Mill Avenue District

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Red and black Mill Avenue District signs can be spotted as you walk along the popular path of Mill Avenue, but have you ever wondered what this organization actually does?

Basically, the Mill Avenue District’s job is to create the experience when people are in Tempe – they create the environment to give people a good time downtown.

The Mill Avenue District is an enhanced service district that has a team of ambassadors, usually seen wearing red polo shirts around town. Their jobs include cleaning, landscaping, emptying trash cans and other tasks that bring Mill Avenue’s standards to a level that the community is proud of and tourists can enjoy.

I’ve seen the red-shirted ambassadors busy at work on Mill Avenue, watering plants, replacing signs and cleaning throughout the day.

Employee Wann Sierra said he, "likes his job because it's something different every day."

Nancy Hormann, president and executive director of the Downtown Tempe Community said, “We have what’s called a “Clean Team”- people who are out on the streets cleaning all the time, emptying garbage, etc. The City does it once a day in the morning, but for the remainder of the day, we take over that responsibility,” Hormann said.

Many cities also have enhanced services districts, like the downtown areas of Chandler, Phoenix and Mesa. Currently, Glendale and Flagstaff are both exploring similar ideas in their areas. The term “enhanced services” really means that the Mill Avenue District takes over the maintenance and care of Mill Avenue, where the City of Tempe ends their services.

“It’s typical in every major city across the U.S. They’re called different things in different states. Some are called business improvement districts, city improvement districts, enhanced services districts, but they’re all exactly the same thing,” Hormann said.

The Mill Avenue District receives its funding from local property owners, who voted to tax themselves for this specific purpose, but is actually employed by the Downtown Tempe Community. The DTC is a non-profit organization that works with the City of Tempe and downtown stakeholders.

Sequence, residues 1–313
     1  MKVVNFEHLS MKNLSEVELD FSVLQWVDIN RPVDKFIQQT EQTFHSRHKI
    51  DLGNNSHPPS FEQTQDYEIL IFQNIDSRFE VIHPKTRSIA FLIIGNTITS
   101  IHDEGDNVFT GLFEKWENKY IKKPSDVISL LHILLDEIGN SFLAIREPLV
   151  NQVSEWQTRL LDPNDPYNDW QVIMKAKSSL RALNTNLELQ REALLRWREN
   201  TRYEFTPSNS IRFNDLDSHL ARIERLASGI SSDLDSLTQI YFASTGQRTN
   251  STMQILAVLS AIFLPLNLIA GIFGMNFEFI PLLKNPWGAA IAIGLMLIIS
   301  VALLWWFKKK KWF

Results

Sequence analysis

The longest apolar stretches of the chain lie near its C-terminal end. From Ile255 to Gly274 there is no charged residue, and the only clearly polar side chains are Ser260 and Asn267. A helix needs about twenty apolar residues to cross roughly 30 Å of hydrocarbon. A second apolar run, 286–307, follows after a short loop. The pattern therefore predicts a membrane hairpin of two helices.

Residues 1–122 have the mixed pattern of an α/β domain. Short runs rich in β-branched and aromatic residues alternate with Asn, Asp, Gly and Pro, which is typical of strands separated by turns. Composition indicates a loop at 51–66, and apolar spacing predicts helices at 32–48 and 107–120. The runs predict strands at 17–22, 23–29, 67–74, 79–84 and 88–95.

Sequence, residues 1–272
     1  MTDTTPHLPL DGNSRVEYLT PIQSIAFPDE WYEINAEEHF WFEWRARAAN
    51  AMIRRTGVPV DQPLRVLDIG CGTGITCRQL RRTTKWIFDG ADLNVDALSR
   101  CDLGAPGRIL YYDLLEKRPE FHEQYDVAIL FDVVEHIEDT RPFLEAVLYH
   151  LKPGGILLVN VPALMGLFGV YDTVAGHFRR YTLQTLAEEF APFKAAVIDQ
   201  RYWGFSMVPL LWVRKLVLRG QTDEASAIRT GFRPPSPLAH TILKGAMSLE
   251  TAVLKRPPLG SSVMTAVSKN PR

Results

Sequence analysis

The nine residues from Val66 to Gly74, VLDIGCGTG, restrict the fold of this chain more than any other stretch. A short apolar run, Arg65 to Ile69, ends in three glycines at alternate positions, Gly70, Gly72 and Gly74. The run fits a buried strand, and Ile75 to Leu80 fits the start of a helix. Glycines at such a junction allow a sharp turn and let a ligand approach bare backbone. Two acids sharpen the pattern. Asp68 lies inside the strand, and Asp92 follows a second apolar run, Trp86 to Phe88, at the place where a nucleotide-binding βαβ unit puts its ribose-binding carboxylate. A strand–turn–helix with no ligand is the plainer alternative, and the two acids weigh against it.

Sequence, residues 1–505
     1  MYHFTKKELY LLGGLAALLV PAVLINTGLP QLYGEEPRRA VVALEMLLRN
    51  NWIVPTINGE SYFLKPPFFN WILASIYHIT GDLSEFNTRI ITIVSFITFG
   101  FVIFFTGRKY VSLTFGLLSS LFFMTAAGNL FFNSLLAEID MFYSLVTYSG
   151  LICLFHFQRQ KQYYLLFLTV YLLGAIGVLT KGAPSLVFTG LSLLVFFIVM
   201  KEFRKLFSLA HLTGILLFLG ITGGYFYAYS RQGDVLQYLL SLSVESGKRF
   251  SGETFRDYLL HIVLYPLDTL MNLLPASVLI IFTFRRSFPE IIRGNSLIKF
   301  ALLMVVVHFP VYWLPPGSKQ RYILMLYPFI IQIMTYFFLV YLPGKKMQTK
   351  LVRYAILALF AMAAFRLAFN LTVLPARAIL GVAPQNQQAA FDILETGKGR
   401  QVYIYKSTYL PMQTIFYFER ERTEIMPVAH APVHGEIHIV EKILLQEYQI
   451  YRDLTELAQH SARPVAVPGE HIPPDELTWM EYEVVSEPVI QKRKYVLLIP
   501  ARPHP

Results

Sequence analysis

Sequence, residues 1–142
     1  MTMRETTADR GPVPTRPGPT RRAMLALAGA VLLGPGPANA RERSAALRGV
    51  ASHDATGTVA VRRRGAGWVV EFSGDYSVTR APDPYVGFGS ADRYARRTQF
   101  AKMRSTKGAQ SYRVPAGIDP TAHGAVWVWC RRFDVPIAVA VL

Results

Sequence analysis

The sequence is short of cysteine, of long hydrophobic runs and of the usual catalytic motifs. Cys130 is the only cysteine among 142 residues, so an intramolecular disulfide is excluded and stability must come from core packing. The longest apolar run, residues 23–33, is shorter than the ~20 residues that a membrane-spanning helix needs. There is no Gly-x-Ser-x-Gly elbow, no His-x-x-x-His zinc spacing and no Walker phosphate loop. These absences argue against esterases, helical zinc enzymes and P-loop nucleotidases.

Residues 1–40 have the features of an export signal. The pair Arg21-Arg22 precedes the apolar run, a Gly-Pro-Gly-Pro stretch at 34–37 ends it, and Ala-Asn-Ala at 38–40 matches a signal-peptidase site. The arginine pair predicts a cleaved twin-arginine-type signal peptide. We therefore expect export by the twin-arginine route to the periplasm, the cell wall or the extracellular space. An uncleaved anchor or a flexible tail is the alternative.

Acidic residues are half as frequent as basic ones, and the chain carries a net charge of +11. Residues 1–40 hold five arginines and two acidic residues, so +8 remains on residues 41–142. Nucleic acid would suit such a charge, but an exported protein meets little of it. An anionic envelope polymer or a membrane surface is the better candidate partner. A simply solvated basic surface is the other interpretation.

“The property owners pay into this district in order to provide services that go above and beyond what the city already does, but the City [of Tempe] will not reduce their services because we are adding services,” Hormann said. “So we just have a higher level services here - more cleaning, landscaping and safety.”

In recent months, a safety team has been added to the area. The Safe-T-Patrol Guides, can be spotted wearing bright yellow polo shirts and may be patrolling around town on foot or by bicycle. The Safe-T-Patrol Guides act as goodwill ambassadors that welcome visitors, provide directions or a safety escort and can give recommendations of where to go in Downtown Tempe. You might also notice the Safe-T-Patrol in the park at Tempe Town Lake. Their territory also extends to the park, in order to be more helpful to Tempe visitors and provide a sense of visual security.

You might have also noticed the addition of credit card enabled parking meters in Tempe, which has made it easier for visitors to find parking - especially when they are all out of quarters. This action, by the Mill Avenue District, was in hopes to better accommodate customers in their downtown Tempe experience.

Hormann said, “It’s fabulous, but it’s not a money-maker. It’s about convenience and customer service and we are trying to expand on that.”

Credit card parking meters

Since the program began, there has been a positive response to the credit card parking meters and one could only image that convenient parking would lead to happier customers and more business on Mill Avenue.

The Mill Avenue District also manages parking garages and lots in Tempe. I learned that sometimes when you need to park for an extended period of time, it’s better to use a parking garage than a meter with time restrictions.

“We want to encourage people, if they are coming for longer periods of time, to park in parking lots or parking structures because you have a short window of time on the meters,” Hormann said. “But you can stay as long as you want in parking lots and structures. And in the ones that are branded with the Parkit Logo, they’re all free for the first hour.”

Parking garages are the better choice in the summertime, as well, to keep your car from baking in the sun while you are off enjoying lunch or shopping.

Parking can be such a hassle and I really appreciated the insiders’ tips for parking in Tempe.

Now that you have knowledge and a higher appreciation for what the Mill Avenue District provides for our city, you’ll know who they are next time. If you see a red-shirt ambassador or Safe-T-Patrol Guide, say hello or ask if you need help!